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Raghuram Rajan has begun well

Last updated on: September 06, 2013 12:29 IST

Raghuram RajanThere is very little in the extensive plans that Dr Rajan laid out in his speech that can be questioned in terms of merits. Ultimately, by the end of his term, he may accomplish some of the objectives that he articulated and may fail on others.

Raghuram Rajan’s first public appearance as the new governor of the Reserve Bank of India earned him enormous approval, and deservedly so.

He has clearly come to grips with several issues and worked out at least the outlines of plans to deal with them.

Importantly, many of these are not directly related to the short-term macroeconomic challenges that he will have to deal with; rather, they relate to structural changes in the banking system, financial markets, the payments and settlements system and, particularly, in the structure of the RBI itself.

There is very little in the extensive plans that Dr Rajan laid out in his speech that can be questioned in terms of merits. Ultimately, by the end of his term, he may accomplish some of the objectives that he articulated and may fail on others.

But it is reassuring to know that he starts his term with an equal emphasis on the immediate situation and on the structural changes that the entire financial system needs to make.

On the former, he preferred to hold his thoughts to himself until the mid-quarter review now due on September 20.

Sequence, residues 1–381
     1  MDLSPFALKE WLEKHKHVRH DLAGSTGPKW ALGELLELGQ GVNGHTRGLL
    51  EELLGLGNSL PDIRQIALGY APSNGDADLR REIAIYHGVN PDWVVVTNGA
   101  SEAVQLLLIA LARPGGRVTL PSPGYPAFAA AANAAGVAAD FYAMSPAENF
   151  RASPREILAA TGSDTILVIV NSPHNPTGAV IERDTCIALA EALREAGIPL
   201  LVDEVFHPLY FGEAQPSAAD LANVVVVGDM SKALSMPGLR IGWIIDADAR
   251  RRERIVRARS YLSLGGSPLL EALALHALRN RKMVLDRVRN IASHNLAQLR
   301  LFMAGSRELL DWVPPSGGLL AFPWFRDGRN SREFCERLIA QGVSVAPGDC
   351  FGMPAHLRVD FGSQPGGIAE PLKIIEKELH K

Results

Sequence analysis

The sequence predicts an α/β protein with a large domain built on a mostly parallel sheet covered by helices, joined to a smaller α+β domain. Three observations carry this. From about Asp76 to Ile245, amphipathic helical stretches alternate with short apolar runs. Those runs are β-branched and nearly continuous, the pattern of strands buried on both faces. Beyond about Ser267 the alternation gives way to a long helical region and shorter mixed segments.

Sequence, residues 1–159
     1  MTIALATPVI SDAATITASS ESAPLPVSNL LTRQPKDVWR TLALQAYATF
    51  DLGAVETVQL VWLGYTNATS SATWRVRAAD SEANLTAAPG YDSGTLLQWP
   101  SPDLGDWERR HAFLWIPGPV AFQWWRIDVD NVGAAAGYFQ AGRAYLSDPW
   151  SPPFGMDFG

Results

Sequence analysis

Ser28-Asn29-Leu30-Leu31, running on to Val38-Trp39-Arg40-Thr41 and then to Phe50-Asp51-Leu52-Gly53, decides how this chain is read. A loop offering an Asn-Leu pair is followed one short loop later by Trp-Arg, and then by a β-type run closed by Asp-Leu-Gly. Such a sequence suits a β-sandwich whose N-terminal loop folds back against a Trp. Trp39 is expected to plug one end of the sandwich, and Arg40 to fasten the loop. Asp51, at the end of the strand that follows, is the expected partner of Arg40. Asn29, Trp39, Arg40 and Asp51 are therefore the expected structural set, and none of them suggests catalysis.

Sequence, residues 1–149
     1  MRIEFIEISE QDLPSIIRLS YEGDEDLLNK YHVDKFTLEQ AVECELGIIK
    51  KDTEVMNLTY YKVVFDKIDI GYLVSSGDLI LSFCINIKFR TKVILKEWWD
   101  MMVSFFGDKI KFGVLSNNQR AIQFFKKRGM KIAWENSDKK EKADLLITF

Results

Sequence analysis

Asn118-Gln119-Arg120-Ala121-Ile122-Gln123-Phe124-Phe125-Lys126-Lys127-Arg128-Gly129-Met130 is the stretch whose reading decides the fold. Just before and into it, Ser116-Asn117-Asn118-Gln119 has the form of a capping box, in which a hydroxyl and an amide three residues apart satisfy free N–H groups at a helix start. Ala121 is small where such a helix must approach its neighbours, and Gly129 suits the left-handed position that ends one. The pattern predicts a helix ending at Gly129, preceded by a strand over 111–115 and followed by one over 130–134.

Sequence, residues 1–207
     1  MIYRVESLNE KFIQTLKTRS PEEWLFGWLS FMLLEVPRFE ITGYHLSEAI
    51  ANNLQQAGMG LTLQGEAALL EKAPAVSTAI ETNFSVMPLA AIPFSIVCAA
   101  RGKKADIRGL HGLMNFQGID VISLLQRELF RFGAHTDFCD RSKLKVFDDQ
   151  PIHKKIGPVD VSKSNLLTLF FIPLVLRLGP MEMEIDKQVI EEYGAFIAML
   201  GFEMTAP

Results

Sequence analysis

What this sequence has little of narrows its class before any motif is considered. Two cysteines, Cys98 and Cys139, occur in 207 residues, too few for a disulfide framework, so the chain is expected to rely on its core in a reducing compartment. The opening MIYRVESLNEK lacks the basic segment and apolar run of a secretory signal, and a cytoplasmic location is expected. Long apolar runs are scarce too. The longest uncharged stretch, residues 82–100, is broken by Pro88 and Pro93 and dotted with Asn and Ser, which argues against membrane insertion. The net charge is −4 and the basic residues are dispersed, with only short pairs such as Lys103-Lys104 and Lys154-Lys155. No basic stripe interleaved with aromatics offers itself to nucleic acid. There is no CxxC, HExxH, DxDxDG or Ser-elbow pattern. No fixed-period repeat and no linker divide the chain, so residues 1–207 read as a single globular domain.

On the latter, though, he charted an ambitious course, drawing on the agenda that the Committee on Financial Sector Reforms, which he chaired, had put forward a few years ago as well as other ideas and recommendations that have been debated for some time.

In doing so, he also showed his appreciation for the difficult trade-off between the 'popular' and the 'right' thing to do.

Many important reform measures that he proposed, while clearly in the overall interests of the economy, will rub some important segments of stakeholders the wrong way.

It makes absolute sense from a number of perspectives to eliminate the safety net that banks have in the form of the statutory liquidity ratio.

Why should they be mandated to hold such large amounts of government securities and, that too, with exemptions from mark-to-market requirements?

The Holy Grail of domestic debt market development, which Dr Rajan has been a vocal champion of, is hugely hindered by this device.

But as he begins to unwind it, he will meet resistance from the ministry of finance, because it will unquestionably increase the cost of government borrowing.

Similarly, the concept of on-tap licences for banks is a significant improvement over the current practice of issuing a few licences at a time and then closing the window for years, if not decades.

But, since a small number of licences bestow some degree of monopoly power on the winners, they will resist the attempt to lower entry barriers through a perpetually open window.

Perhaps his most important challenge will be to change the structure of the institution that he heads.

While adapting visibly to the massive changes in the environment over the past two decades, the RBI has preserved some key organisational characteristics, which impair its effectiveness.

Bringing in specialised resources at middle and senior levels, making it use technology far more efficiently and matching supervision techniques and capabilities with the ways in which banks now go about their business are but three of several priorities in this regard.

He will need to draw on all his considerable abilities to ensure that what was well begun is also excellently done.

Image: Raghuram Rajan

Business Standard
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